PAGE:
1. Three Gorges Dam shrinks Yangtze delta
River damming can damage downstream environments by retaining sediments and nutrients. Yang et al. quantify how China's Three Gorges Dam, the world's largest dam, influences downstream sediment delivery in the Yangtze River. The authors calculate supplies of water and sediment from ungauged areas and combine them with data sets from gauging stations. The Three Gorges Dam, which has regulated the waters of the Yangtze River since 2003, retains two-thirds of the upstream sediment each year, they find. Moreover, in response to this retention, significant erosion occurs in the riverbed downstream of the dam. Because the erosion does not offset the sediment lost in the reservoir, and because sediment flux to the Yangtze River mouth has decreased by 31 percent per year, the Yangtze delta is shrinking. Continued sediment retention at these rates, combined with more dams planned for the watershed, will severely affect the humans and ecosystems that reside on the Yangtze delta, the authors suggest.
Title: Influence of the Three Gorges Dam on downstream delivery of sediment and its environmental implications, Yangtze River
Authors: S. L. Yang, J. Zhang, and X. J. Xu: State Key Laboratory of Estuarine and Coastal Research, East China Normal University, Shanghai, China.
Source: Geophysical Research Letters (GRL) paper 10.1029/2007GL029472, 2007
2. Permafrost thaw" New exam yields healthier prognosis
A reexamination of projected melting of Arctic permafrost from global warming indicates that massive releases of methane from permafrost degradation are unlikely in this century. During the 20th century, humans' increasing greenhouse gas emissions have made Arctic regions warmer, causing permafrost to melt. Model projections indicate that, as the climate warms, permafrost will continue melting and methane bound in frozen sediments could escape to the atmosphere. Because methane is also a greenhouse gas, this would exacerbate global warming. One permafrost model, presented in late 2005, indicated that near-surface Arctic permafrost will completely degrade during the 21st century. Now, Delisle has critically reviewed this model, finding it to lack necessary initial parameters. He offers an alternative model designed to have a more complete mathematical formulation of the physical processes in permafrost. It projects that surface permafrost will persist in areas north of 70ºN latitude. Permafrost will also endure at depth between 60ºN and 70ºN. Delisle notes that ice-core analyses previously made by other scientists indicate minimal release of methane during warm periods in the last 9,000 years. Based on the new model and the ice-core findings, he concludes that scenarios calling for massive releases of methane in the near future from degrading permafrost are questionable.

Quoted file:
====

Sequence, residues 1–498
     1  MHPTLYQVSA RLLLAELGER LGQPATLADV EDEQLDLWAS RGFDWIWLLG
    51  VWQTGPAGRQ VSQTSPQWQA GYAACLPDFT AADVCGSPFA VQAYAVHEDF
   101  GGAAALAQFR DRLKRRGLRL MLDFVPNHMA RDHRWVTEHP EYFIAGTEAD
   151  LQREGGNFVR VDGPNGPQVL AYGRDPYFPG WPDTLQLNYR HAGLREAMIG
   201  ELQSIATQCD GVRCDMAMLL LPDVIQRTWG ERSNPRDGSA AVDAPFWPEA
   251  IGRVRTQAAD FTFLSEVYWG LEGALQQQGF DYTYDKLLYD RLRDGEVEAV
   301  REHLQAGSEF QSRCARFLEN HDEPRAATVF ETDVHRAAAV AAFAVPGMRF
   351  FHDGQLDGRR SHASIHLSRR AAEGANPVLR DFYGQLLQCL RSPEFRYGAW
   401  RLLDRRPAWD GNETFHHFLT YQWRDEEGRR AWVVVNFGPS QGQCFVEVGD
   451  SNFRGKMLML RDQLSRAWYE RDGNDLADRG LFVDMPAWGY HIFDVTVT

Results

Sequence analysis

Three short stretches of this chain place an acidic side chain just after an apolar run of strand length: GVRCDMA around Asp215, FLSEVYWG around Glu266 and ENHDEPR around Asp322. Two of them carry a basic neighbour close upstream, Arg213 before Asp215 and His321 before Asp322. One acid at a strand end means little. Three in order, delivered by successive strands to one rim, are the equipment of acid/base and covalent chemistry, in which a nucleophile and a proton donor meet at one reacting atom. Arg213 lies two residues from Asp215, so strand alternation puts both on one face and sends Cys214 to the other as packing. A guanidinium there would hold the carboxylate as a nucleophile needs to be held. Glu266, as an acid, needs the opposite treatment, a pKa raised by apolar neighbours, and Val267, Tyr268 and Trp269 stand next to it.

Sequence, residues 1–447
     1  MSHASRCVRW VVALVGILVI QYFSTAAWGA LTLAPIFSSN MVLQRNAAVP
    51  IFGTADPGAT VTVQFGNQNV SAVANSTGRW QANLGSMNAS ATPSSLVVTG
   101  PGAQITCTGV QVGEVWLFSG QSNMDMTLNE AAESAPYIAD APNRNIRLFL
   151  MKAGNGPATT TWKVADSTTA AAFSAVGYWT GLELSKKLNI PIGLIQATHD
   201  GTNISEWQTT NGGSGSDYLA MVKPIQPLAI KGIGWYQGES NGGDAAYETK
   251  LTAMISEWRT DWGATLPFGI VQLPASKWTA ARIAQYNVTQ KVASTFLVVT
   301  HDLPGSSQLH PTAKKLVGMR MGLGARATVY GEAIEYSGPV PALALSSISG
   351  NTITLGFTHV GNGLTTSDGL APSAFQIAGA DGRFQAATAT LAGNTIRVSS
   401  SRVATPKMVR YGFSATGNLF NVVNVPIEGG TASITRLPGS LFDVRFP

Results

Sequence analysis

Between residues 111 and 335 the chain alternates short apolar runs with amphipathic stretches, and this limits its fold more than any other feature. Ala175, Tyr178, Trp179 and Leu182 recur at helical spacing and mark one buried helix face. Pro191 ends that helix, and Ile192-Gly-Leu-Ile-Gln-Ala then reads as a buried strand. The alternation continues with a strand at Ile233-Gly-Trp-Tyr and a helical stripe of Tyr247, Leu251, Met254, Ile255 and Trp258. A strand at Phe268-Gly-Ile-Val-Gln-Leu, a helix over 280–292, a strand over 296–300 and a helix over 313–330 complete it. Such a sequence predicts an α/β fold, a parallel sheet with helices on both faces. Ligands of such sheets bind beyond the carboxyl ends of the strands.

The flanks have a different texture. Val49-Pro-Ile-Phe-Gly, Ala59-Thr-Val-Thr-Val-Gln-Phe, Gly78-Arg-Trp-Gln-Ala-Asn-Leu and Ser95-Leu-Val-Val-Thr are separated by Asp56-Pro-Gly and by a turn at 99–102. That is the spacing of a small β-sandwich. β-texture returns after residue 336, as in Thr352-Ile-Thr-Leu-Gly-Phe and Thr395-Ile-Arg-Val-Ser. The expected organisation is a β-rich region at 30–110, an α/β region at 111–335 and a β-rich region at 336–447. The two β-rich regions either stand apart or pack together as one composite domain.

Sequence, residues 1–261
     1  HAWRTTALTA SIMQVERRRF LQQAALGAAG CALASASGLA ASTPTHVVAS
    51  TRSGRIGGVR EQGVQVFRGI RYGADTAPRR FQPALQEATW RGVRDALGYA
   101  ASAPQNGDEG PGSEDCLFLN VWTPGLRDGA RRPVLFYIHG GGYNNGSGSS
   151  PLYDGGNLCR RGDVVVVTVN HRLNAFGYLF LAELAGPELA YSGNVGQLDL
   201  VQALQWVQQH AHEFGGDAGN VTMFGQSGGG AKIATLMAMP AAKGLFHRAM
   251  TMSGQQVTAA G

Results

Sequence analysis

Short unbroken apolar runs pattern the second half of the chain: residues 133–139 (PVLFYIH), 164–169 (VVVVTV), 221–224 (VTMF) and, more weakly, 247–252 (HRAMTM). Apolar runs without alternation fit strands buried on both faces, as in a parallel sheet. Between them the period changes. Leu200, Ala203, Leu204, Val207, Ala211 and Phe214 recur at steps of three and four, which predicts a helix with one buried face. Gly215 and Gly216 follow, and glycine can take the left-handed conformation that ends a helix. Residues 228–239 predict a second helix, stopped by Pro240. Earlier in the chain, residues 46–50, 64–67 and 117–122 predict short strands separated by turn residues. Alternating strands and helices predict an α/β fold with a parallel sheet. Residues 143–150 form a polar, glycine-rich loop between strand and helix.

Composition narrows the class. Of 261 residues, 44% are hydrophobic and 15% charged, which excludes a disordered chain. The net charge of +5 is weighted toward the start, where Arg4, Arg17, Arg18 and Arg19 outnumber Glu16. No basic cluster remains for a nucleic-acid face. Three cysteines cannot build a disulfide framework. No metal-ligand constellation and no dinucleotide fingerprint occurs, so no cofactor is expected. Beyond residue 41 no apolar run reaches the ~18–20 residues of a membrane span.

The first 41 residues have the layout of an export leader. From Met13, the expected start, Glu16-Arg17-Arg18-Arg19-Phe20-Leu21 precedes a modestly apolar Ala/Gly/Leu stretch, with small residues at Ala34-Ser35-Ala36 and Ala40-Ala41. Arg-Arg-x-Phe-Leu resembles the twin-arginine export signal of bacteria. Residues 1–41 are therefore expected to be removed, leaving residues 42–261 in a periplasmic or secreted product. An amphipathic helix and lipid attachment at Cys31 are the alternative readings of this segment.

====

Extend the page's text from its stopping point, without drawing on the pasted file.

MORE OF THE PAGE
Title: Near-surface permafrost degradation--how severe during the 21st century?
Authors: G. Delisle: Bundesanstalt für Geowissenschaften und Rohstoffe, Hannover, Germany.
Source: Geophysical Research Letters (GRL) paper 10.1029/2007GL029323, 2007
3. Mapping flood waves from space
In floods, interacting streams of varying depth, velocity, source, sediment concentration, and chemistry may threaten communities near rivers and restore or damage ecosystems. However, data taken from monitoring stations along rivers prone to flooding are geographically sparse and often are oversimplifications of floodplain water flux. To reflect the true complexity of floods, Alsdorf et al., use satellite data from synthetic aperture radars to study water fluctuations of several floods of the Amazon River in Brazil in the 1990s. Those radars have previously been used to measure centimeter-scale topographic displacements from earthquakes and advancing glaciers. Contrary to assumptions of many models that the water surface is horizontal and equal to the changing level of water in main river channels, the authors find sharp variations of the water surface during floods. Furthermore, they observe that hydraulic momentum of the rushing floodwaters can drive flow paths previously thought to be controlled by surface topography. Incorporating these observations into models will lead to improved identification of floodplain hazards, the authors suggest.
Title: Spatial and temporal complexity of the Amazon flood measured from space
Authors: Doug Alsdorf: School of Earth Sciences, Ohio State University, Columbus, Ohio, U.S.A.;
Paul Bates: School of Geographical Sciences, University of Bristol, Bristol, U.K.;
John Melack and Thomas Dunne: Bren School of Environmental Science and Management, University of California, Santa Barbara, Santa Barbara, California, U.S.A.;
Matt Wilson: Department of Geography, University of Exeter, Penryn, U.K.
Source: Geophysical Research Letters (GRL) paper 10.1029/2007GL029447, 2007
4. Imaging Earth's deep mantle near the core-mantle boundary
To learn more about the D" layer, the 200-kilometer (124-mile) thick layer above the core-mantle boundary, Kawai et al. used a new high-resolution method, called seismic waveform inversion. In this method, the best-fitting Earth model is obtained by objectively and quantitatively matching observed and computed seismograms. It was previously known that at the top of D" layer, perovskite, the dominant lower mantle mineral, transforms into a different crystal structure called post-perovskite, with a resulting jump in seismic wave velocities. The authors' method allowed them to study the details of how seismic velocities vary with depth within the D" layer, using data for the region beneath Central America. They found that in the lowermost 100 kilometers (62 miles) of D" layer, the velocities drop back to slower speeds that correspond to the perovskite crystal structure. These results tentatively provide independent confirmation of theoretical studies which suggest that post-perovskite should revert to perovskite in D" close to the core-mantle boundary.